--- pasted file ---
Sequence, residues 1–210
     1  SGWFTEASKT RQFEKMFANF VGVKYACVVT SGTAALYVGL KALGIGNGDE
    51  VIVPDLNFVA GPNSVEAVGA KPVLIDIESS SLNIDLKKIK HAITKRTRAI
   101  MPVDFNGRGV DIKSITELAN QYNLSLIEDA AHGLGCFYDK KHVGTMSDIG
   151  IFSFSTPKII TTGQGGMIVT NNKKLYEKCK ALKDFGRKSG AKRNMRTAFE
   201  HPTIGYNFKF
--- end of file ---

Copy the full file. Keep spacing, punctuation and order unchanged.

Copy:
Sequence, residues 1–210
     1  SGWFTEASKT RQFEKMFANF VGVKYACVVT SGTAALYVGL KALGIGNGDE
    51  VIVPDLNFVA GPNSVEAVGA KPVLIDIESS SLNIDLKKIK HAITKRTRAI
   101  MPVDFNGRGV DIKSITELAN QYNLSLIEDA AHGLGCFYDK KHVGTMSDIG
   151  IFSFSTPKII TTGQGGMIVT NNKKLYEKCK ALKDFGRKSG AKRNMRTAFE
   201  HPTIGYNFKF